Just remember this, my girl, when you look up in the sky,
You can see the stars and still not see the light
“Lastly,” he said, “we believe the quality sector will inevitably catch up to the rest of the market.” He, being my investment advisor former colleague, desperately putting lipstick on the pig that was the disgruntled client’s portfolio.
Can’t say that I’m sorry that I no longer have to do that sort of thing. Defending the firm’s boneheaded research was torture in my day. No different now, obviously. The problem with being an investment advisor is the requirement to defend the indefensible.
Catch up to the rest of the market? Tell the client the truth, for God’s sake. Most of the market sucks, probably more than the portfolio in question. This histogram prepared by GKCI, an independent money management group, shows that only 521 out of 2850 stocks in their proprietary All Country World Index are up since the 5/21/2015 peak. The red group, roughly 82% of the index, are down anywhere from 6 to 90 percent.
Domestically, barely a handful of stocks, institutional favorites, are painting the tape, making the Dow Jones Industrials and the S&P 500 look far better than the market as a whole. This is typical ending action: a long bull market running out of gas.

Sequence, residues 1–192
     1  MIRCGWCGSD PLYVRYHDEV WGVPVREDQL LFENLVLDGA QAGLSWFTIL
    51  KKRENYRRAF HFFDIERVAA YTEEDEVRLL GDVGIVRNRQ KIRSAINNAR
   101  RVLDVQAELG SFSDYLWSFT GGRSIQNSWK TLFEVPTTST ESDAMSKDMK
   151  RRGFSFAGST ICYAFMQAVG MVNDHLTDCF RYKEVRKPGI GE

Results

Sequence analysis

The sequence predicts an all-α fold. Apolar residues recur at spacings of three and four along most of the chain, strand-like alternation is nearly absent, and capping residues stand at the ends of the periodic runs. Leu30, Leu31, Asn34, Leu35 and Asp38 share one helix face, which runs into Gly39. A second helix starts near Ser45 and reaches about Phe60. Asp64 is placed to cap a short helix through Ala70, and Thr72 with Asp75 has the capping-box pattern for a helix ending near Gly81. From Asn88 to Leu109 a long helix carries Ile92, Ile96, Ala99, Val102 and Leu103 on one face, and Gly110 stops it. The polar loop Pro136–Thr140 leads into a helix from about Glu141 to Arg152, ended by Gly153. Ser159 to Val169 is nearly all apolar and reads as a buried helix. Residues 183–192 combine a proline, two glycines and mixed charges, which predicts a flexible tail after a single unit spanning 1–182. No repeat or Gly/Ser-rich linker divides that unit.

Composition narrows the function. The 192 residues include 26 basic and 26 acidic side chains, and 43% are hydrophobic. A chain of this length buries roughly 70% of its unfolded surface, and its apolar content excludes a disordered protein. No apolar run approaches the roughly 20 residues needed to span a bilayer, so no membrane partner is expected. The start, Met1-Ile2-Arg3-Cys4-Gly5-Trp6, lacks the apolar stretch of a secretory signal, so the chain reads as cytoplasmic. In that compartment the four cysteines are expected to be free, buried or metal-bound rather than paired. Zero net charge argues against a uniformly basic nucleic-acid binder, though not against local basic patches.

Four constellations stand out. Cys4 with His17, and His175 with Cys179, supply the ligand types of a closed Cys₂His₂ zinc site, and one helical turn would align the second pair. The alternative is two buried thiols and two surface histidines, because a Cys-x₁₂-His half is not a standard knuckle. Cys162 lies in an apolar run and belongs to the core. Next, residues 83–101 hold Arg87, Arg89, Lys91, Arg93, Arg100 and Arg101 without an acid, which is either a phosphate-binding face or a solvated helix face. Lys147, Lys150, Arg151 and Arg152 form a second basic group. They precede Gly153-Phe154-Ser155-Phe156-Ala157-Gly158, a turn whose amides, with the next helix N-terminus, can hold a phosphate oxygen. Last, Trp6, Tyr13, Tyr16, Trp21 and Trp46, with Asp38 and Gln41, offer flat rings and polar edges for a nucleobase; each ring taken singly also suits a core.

Meanwhile, Dow 15,000 has not been breached yet. This is the Maginot line that supports the Elliott Wave prospect of another new high. It is a surprising thing, given that data on the economy continues to deteriorate:
The four week average in initial jobless claims has pushed to new cycle highs at 287,000.
Durable goods orders crashed 5.1% month over month, with the core non-defense shipments segment down 7.5% year over year, the worst reading since Lehman (’09”).
The entire mining sector is now so financially suspect, that Moody’s states, “We believe that the current environment is not a normal cyclical downturn but a fundmental shift…a wholesale recalibration of ratings in the mining industry is deemed necessary. Whoo, boy!
So why would the market go up? We will probably read that traders are going to bet that the Fed will not raise rates and may even lower them again in a weakening economy. My take is that a rise here is a reflection of social mood, which may be turning sour on spending, but is still hanging on to hopes that “tomorrow” will be better.
Weirder things have happened.